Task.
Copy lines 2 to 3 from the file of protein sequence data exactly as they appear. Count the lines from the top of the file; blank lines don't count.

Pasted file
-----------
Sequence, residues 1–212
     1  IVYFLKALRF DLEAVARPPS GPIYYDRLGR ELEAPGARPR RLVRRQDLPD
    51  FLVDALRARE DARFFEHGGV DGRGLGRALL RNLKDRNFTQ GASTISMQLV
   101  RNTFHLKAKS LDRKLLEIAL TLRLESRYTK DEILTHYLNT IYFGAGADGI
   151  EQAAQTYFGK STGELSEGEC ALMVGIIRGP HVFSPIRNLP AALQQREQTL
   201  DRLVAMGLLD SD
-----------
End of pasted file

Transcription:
     1  IVYFLKALRF DLEAVARPPS GPIYYDRLGR ELEAPGARPR RLVRRQDLPD
    51  FLVDALRARE DARFFEHGGV DGRGLGRALL RNLKDRNFTQ GASTISMQLV